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The Dandelion Girl- Robert F. Young

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The Dandelion Girl 

by Robert F. Young

The girl on the hill made Mark think of Edna St. Vincent Millay. Perhaps it was because of the way she was standing there in the afternoon sun, her dandelion-hued hair dancing in the wind; perhaps it was because of the way her old-fashioned white dress was swirling around her long and slender legs. In any event, he got the definite impression that she had somehow stepped out of the past and into the present; and that was odd, because as things turned out, it wasn't the past she had stepped out of, but the future.

He paused some distance behind her, breathing hard from the climb. She had not seen him yet, and he wondered how he could apprise her of his presence without alarming her. While he was trying to make up his mind, he took out his pipe and filled and lighted it, cupping his hands over the bowl and puffing till the tobacco came to glowing life. When he looked at her again, she had turned around and was regarding him curiously.

He walked toward her slowly, keenly aware of the nearness of the sky, enjoying the feel of the wind against his face. He should go hiking more often, he told himself. He had been tramping through woods when he came to the hill, and now the woods lay behind and far below him, burning gently with the first pale fires of fall, and beyond the woods lay the little lake with its complement of cabin and fishing pier. When his wife had been unexpectedly summoned for jury duty, he had been forced to spend alone the two weeks he had saved out of his summer vacation and he had been leading a lonely existence, fishing off the pier by day and reading the cool evenings away before the big fireplace in the raftered living room; and after two days the routine had caught up to him, and he had taken off into the woods without purpose or direction and finally he had come to the hill and had climbed it and seen the girl.

Her eyes were blue, he saw when he came up to her-as blue as the sky that framed her slender silhouette. Her face was oval and young and soft and sweet. It evoked a déjà vu so poignant that he had to resist an impulse to reach out and touch her wind-kissed cheek; and even though his hand did not leave his side, he felt his fingertips tingle.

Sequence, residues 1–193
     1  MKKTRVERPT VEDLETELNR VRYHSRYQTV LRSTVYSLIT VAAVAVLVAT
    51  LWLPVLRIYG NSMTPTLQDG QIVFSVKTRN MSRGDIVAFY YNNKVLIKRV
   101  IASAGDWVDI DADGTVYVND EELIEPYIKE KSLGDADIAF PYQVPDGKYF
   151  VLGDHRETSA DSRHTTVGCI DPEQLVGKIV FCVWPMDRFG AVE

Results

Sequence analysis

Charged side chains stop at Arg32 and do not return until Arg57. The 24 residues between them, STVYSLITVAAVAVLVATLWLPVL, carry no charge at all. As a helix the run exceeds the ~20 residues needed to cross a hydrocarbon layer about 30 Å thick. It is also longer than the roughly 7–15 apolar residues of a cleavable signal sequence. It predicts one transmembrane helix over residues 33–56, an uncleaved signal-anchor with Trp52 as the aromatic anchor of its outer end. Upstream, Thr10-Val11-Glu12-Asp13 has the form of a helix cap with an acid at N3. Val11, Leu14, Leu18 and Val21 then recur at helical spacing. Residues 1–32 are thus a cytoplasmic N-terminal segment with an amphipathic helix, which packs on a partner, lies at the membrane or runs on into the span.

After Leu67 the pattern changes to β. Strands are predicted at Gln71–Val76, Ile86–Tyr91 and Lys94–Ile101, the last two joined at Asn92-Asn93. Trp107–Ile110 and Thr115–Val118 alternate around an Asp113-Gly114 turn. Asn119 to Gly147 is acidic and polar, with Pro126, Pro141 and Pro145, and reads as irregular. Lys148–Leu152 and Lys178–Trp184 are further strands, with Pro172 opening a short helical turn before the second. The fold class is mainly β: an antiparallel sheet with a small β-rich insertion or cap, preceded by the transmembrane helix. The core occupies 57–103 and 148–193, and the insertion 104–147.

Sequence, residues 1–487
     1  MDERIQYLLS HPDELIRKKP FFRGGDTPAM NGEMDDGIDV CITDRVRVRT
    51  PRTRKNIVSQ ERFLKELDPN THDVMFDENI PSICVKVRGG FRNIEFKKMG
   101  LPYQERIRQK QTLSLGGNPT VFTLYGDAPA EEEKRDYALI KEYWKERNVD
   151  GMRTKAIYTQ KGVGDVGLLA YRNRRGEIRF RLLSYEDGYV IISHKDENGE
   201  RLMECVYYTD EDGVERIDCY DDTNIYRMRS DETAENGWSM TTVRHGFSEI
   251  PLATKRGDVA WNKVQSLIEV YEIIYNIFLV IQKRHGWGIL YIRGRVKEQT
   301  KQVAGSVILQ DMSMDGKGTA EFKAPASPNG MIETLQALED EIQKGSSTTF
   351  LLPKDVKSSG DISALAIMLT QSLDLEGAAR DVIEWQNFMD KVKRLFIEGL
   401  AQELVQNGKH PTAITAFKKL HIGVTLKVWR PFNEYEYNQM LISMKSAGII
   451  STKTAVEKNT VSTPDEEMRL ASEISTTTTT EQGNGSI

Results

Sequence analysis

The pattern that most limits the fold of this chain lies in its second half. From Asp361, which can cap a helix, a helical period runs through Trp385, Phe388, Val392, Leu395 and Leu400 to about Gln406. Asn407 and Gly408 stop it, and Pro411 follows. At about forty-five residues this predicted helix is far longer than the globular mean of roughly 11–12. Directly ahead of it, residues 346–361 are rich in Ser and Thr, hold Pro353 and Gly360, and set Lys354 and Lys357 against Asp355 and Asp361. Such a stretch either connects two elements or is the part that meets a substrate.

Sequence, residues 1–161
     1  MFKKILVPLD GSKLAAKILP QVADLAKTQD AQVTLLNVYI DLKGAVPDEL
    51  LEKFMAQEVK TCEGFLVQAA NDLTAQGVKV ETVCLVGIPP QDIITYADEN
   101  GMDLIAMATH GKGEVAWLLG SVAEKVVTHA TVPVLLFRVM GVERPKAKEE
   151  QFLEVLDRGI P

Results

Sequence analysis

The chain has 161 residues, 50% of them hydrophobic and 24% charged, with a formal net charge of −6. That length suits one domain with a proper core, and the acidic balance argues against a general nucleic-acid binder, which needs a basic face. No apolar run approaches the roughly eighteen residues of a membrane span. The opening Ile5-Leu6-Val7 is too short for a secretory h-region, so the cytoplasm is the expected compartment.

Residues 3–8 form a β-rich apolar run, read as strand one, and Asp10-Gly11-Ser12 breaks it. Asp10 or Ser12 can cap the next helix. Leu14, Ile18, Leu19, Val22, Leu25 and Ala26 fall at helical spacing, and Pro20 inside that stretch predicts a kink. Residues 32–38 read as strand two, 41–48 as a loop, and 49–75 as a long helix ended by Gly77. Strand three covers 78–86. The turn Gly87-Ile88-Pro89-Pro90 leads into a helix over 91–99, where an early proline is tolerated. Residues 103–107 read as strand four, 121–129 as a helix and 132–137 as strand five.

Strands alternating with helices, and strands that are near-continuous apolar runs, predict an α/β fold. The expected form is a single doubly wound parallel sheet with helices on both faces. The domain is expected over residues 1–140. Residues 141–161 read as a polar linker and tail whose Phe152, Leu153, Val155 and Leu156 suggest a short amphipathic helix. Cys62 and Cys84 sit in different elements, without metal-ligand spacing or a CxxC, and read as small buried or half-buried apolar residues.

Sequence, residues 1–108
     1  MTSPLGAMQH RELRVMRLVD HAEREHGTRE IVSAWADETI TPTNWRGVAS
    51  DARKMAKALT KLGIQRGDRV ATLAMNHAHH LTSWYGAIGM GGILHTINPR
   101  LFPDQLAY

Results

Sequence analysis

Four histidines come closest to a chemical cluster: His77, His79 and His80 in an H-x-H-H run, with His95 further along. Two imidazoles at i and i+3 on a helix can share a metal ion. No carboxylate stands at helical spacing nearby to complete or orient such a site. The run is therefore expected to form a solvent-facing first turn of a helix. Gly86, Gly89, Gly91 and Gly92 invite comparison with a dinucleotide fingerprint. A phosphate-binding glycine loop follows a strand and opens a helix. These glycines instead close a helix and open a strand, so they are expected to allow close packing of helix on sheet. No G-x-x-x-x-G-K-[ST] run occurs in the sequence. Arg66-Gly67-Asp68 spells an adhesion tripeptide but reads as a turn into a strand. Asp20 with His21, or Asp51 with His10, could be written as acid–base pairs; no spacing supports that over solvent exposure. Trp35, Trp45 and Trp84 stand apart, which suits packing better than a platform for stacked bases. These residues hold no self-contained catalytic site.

Why, I'm forty-four, he thought wonderingly, and she's hardly more than twenty. What in heaven's name has come over me? "Are you enjoying the view?" he asked aloud.

"Oh, yes," she said and turned and swept her arm in an enthusiastic semicircle. "Isn't it simply marvelous!"

He followed her gaze. "Yes," he said, "it is." Below them the woods began again, then spread out over the lowlands in warm September colors, embracing a small hamlet several miles away, finally bowing out before the first outposts of the suburban frontier. In the far distance, haze softened the serrated silhouette of Cove City, lending it the aspect of a sprawling medieval castle, making it less of a reality than a dream. "Are you from the city too?" he asked.

"In a way I am," she said. She smiled at him. "I'm from the Cove City of two hundred and forty years from now."

The smile told him that she didn't really expect him to believe her, but it implied that it would be nice if he would pretend. He smiled back. "That would be A.D. twenty-two hundred and one, wouldn't it?" he said. "I imagine the place has grown enormously by then."

"Oh, it has," she said. "It's part of a megalopolis now and extends all the way to there." She pointed to the fringe of the forest at their feet. "Two Thousand and Fortieth Street runs straight through that grove of sugar maples," she went on, "and do you see that stand of locusts over there?"

"Yes," he said, "I see them."

"That's where the new plaza is. Its supermarket is so big that it takes half a day to go through it, and you can buy almost anything in it from aspirins to aerocars. And next to the supermarket, where that grove of beeches stands, is a big dress shop just bursting with the latest creations of the leading couturiers. I bought this dress I'm wearing there this very morning. Isn't it simply beautiful?"

If it was, it was because she made it so. However, he looked at it politely. It had been cut from a material he was unfamiliar with, a material seemingly compounded of cotton candy, sea foam, and snow. There was no limit any more to the syntheses that could be created by the miracle-fiber manufacturers-nor, apparently, to the tall tales that could be created by young girls. "I suppose you traveled here by time machine," he said.

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